And also thank you for planting the idea of Bionicle x Ice Age crossover in my head.
It was Scrat who awakened the Bohrok swarms…
We’ve been pretty excited about the new Pleistocene megafauna (large, extinct Ice Age animals like mammoths and saber-toothed cats) in the LEGO City Arctic sets released on June 1st, particularly after we had a chance to play with them during the Fall 2018 Preview event in New York City a couple weeks ago. With the sets now on store shelves, we’re digging in to bring you an even closer look at the new vehicles and creatures, starting with 60195 Arctic Mobile Exploration Base, which includes 786 pieces, 6 minifigures, and a frozen mammoth and retails for $119.99 in the US (149.99 CAD in Canada | £84.99 in the UK).
The summer 2018 LEGO City sets revealed last week feature an exploration team unearthing extinct Pleistocene megafauna like mammoths and saber-toothed cats, preserved in arctic ice. The largest set in the summer wave of City sets, the mobile base has four sections that can be connected, including a trailer for hauling the unfrozen mammoth back to the lab for research.
There’s been a lot of excitement among our readers about this upcoming series of LEGO sets, and we’ll be sure to bring you all the details about them as they emerge. In the meantime, enjoy this closer look at the set and its star proboscidean.
Sadly, World Elephant Day on August 12 is a stark reminder that there are not enough modern elephants in the world, and that we must take action — stop murdering them — if we want to avoid seeing today’s Proboscidea go the way of their Pleistocene predecessors the mammoth and mastodon. Jens Ohrndorf has been building little LEGO animals for the past few months, and his latest batch includes this impossibly adorable woolly mammoth. With just a few pieces, Jens has captured the shagginess and undeniable majesty of this Ice Age creature. The miniature snowcapped mountain and subtle gray background add immeasurably to the presentation.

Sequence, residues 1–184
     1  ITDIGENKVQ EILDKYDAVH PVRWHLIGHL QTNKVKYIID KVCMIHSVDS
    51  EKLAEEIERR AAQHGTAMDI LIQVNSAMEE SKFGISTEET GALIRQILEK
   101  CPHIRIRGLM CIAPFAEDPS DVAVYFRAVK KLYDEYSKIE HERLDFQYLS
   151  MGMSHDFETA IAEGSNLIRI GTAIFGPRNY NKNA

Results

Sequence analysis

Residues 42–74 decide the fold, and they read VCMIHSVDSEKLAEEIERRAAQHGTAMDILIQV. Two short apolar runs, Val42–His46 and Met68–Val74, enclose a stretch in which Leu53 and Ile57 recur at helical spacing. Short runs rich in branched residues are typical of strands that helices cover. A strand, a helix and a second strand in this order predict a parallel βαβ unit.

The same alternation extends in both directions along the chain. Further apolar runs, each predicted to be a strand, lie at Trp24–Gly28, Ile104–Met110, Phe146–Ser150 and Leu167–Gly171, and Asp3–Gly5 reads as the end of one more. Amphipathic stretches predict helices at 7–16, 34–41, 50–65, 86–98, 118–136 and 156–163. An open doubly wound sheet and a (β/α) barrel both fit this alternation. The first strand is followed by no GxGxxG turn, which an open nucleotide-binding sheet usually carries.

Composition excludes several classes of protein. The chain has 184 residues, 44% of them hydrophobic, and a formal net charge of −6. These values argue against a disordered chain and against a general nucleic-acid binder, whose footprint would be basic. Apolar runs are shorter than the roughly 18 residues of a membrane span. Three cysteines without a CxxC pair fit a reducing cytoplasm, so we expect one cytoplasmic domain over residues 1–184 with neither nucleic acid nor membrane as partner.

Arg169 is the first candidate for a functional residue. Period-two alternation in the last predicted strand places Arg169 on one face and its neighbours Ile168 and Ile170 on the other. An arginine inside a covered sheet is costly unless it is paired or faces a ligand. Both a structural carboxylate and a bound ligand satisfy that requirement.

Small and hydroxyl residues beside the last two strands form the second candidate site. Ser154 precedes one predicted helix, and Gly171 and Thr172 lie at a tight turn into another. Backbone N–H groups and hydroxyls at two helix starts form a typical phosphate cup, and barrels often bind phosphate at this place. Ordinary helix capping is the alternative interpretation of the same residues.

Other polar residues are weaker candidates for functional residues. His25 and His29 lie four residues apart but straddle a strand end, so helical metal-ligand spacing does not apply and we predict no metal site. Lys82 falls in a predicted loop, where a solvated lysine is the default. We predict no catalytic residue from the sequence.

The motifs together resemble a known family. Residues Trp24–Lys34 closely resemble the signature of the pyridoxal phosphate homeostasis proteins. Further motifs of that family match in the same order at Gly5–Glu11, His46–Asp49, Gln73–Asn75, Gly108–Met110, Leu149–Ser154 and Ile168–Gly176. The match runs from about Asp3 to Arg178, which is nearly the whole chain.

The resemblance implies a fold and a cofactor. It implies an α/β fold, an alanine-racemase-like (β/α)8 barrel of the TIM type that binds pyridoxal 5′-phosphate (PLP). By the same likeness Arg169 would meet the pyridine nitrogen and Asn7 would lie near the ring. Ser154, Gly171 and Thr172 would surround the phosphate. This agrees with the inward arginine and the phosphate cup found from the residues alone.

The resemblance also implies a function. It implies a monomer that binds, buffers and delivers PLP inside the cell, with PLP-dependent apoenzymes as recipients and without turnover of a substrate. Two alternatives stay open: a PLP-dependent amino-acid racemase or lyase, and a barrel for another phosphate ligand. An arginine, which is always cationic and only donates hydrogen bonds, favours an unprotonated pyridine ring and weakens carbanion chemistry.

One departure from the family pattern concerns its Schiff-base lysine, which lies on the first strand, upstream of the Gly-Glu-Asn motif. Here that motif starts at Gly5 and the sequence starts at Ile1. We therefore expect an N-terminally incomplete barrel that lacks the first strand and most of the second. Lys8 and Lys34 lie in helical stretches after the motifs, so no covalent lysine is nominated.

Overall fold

As with any ecosystem, the mammoth steppe biome would not be complete without other megafauna. I’m not sure Jens intended for this pair of bison to go with the mammoth, but they complement it perfectly.
See more of Jens’ LEGO animals in his album on Flickr.
As a lifelong student of archaeology, I’ve become more and more focused on the Pleistocene and the Paleolithic, that amazing span of the Earth’s history when humanity emerged in Africa and conquered almost the entire habitable surface of the planet. Along the way, we survived multiple ice ages and lived until fairly recently alongside megafauna such as mammoths. I’ve been meaning to build a mammoth or two from LEGO, so I was pleased to see this adorable mother-and-child pair by Pierre. Noteworthy here is that the adult mammoth is built upside down. And I just love the baby mammoth with its big Dumbo ears. Presented on a base of snowy white, this pair would look great on any paleoanthropologist’s or paleontologist’s desk.